GeoSpring Hybrid Electric Heat Pump water heaters are currently made in China, but plans are in the works to begin manufacturing them at GE’s Louisville manufacturing facility by the end of 2011. GeoSpring Hybrid Electric Heat Pumps are available online and at home improvement retailers for around $1,600. Go online to or call (800) 626-2005.

Insulating paint additives
Designed to be mixed with ordinary paint, these additives use ceramic microspheres to increase paint reflectivity to reduce heat loss. They may be mixed into paint applied indoors to walls and ceilings, and outdoors to decks, siding, and other outdoor surfaces.

Go online to or call (321) 984-9777 to learn more.

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Now that people are more conscious of their energy costs, there are plenty of theories about how to reduce them. Unfortunately, some popular “facts” about energy use and savings are not facts at all.

Here are some common energy use myths and the truths to replace them.

Myth—The higher I set my heater’s thermostat, the faster my home will warm up.
TRUTH—It will take the same amount of time for the temperature to reach 70 degrees whether the thermostat is set at 70 or 90 degrees. Setting the thermostat all the way up only wastes energy and increases heating costs.

Myth—Setting my air-conditioner thermostat to its lowest setting when I start it will cool my home faster.
TRUTH—This practice will not cool your home any faster, it just uses more energy.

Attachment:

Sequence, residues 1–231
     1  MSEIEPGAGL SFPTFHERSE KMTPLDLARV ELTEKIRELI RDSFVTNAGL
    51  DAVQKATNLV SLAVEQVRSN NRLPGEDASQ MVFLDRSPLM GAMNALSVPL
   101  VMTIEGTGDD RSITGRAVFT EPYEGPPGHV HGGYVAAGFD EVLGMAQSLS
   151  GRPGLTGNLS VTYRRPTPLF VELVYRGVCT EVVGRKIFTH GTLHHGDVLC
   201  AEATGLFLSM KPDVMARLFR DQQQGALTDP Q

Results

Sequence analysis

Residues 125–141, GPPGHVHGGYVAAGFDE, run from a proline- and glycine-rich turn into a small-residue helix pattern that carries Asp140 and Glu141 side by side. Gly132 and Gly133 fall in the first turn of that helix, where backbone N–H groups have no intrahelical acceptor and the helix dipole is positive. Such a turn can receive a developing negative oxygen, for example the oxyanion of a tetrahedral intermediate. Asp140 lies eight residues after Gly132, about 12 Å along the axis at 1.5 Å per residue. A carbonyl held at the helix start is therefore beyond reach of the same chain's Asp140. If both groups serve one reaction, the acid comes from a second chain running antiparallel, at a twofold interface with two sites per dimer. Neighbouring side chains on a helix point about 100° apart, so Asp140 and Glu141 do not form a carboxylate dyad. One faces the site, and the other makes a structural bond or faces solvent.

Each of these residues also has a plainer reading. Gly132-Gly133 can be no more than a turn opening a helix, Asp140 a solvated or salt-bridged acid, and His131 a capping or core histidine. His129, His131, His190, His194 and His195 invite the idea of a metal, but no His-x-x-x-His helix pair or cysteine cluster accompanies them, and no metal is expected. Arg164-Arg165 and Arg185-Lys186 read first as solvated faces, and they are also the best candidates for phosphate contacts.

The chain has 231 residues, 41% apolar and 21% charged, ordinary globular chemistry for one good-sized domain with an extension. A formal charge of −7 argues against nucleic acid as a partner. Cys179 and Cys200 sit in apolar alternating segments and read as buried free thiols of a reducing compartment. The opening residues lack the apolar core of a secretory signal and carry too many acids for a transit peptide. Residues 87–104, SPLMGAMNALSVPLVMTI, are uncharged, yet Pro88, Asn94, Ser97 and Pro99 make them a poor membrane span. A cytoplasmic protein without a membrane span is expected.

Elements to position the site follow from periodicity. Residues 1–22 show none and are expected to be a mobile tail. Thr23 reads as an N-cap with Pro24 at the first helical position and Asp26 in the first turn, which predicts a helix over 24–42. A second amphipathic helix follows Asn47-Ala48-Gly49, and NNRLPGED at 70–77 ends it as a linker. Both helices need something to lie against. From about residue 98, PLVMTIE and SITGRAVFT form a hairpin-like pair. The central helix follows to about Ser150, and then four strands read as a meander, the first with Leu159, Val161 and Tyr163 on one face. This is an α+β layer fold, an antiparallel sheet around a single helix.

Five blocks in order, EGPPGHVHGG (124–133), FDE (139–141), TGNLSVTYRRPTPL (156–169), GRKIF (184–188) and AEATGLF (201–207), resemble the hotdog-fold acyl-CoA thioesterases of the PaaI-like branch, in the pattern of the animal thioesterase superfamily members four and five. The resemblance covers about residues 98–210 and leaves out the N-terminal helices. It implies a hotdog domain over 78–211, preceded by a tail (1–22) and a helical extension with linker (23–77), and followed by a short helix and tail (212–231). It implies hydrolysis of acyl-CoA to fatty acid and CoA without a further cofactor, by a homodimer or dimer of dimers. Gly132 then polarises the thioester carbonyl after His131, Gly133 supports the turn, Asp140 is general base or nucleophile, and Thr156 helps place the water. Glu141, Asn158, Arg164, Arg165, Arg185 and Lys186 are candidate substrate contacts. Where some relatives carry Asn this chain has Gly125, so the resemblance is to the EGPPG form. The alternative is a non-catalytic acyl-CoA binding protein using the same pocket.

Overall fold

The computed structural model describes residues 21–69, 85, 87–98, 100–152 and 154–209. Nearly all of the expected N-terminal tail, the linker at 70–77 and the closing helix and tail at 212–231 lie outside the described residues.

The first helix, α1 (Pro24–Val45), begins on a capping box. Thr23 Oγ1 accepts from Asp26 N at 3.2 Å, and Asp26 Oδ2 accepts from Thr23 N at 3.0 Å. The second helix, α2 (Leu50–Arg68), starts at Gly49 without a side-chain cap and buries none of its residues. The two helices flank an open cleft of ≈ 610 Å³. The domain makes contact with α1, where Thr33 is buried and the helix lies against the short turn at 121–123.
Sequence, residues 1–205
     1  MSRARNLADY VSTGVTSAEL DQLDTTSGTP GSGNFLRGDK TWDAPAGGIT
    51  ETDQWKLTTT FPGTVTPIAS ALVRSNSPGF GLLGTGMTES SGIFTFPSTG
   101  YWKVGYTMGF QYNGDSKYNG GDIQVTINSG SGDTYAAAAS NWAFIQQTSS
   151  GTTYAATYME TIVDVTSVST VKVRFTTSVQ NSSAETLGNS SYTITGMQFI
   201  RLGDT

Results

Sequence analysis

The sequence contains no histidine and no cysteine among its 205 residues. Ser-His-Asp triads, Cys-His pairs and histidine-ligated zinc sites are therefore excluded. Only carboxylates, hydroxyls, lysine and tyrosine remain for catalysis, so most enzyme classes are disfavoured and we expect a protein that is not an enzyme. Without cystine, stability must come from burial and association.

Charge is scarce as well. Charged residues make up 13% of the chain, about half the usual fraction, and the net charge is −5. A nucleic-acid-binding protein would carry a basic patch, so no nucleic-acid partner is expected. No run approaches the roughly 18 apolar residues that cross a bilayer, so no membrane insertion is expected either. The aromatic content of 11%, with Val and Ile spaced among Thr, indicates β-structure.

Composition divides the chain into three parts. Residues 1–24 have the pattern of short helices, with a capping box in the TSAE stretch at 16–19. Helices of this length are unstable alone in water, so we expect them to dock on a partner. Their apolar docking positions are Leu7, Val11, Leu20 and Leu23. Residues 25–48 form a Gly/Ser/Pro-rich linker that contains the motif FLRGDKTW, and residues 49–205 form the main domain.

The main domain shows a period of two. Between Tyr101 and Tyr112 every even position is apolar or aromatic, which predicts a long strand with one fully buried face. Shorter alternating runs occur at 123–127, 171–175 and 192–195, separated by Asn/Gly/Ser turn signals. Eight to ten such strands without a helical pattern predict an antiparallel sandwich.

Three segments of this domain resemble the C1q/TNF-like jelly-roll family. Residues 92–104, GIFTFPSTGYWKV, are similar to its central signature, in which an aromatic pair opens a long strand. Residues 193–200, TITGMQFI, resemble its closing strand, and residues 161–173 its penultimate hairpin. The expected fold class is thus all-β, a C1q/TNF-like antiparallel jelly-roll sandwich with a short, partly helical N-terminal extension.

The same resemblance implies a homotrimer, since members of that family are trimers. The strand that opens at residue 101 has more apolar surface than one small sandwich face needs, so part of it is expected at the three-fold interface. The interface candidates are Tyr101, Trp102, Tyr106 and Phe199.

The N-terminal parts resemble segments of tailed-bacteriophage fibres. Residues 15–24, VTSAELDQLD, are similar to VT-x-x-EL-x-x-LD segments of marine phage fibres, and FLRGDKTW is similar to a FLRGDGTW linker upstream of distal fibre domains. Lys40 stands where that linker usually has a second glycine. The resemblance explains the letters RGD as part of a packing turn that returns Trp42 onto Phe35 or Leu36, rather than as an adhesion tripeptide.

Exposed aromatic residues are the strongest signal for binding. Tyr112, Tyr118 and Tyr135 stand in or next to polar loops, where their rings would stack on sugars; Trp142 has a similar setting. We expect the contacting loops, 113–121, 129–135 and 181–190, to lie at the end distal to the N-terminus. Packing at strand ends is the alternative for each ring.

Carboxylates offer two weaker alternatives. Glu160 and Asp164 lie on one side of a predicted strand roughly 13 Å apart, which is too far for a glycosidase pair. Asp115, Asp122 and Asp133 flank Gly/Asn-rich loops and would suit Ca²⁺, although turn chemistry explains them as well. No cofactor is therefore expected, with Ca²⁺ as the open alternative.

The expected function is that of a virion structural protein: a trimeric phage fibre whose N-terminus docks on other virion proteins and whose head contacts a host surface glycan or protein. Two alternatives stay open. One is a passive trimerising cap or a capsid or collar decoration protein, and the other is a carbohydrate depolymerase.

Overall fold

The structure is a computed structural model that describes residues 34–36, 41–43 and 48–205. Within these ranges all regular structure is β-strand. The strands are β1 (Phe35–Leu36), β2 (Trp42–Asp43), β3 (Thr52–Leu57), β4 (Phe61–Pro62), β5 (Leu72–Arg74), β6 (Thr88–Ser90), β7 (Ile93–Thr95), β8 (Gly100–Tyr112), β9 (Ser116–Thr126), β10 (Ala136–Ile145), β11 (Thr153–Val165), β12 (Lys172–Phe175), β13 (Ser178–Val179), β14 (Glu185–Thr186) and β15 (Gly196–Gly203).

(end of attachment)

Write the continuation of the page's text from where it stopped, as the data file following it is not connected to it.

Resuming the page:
Myth—It is more energy efficient to leave a computer running when it is not in use.
TRUTH—Turning off your computer any time can save energy. But turning a computer off and on several times a day may cause excessive wear and shorten its life. It’s better to use the “sleep” feature when the computer will not be in use for a few hours or so.

Myth—Closing off registers in unused rooms will save energy.
TRUTH—According to a study conducted by scientists at the Lawrence Berkley National Laboratory, turning off the hissing heat radiator in an unused room might have made sense in older, noninsulated homes, but it doesn’t save energy with more modern forced-air heating and cooling systems. Setting that room’s thermostat a degree or two higher in the summer or lower in the winter makes more energy saving sense.

Myth— Leaving a ceiling fan on will help cool a room.
TRUTH—Operating a ceiling fan will only make a room’s occupants feel cooler. That’s because fans circulate air within the room’s space. The air movement makes people inside the room feel cooler, but the air temperature remains the same. To save energy, turn the fan off when the room is unoccupied.

Myth—An appliance uses no electricity when it is turned off.
TRUTH—Some appliances such as VCRs, TV sets, phone chargers, window air conditioners, and even your trusty toaster continue to consume electricity—or so-called standby power—even when they are turned off. Unplugging unused electronic devices when they are not in use is a better energy-saving bet.

Myth—Insulating my attic or ceiling will only force more heat to leak out of the windows.
TRUTH—Adding insulation to one part of your home will not increase heat losses elsewhere. In fact, inadequately insulated areas are sources of major heat loss. To save energy, it’s best to apply insulation to uninsulated or underinsulated areas and seal ductwork. Replacing inefficient windows with new energy-rated models will help save energy, too.

For more energy saving tips, visit

To calculate your home’s energy usage, go to or locate the Residential Calculator or Home Energy Calculator on your local electric co-op’s Web site.

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Download our 17-page 2009 Energy Guide for many more energy-savings tips. Go to Kentucky Living 2009 Energy Guide.

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To read the November 2010 feature that goes with this supplement, go to Kentucky Living 2010 Energy Guide.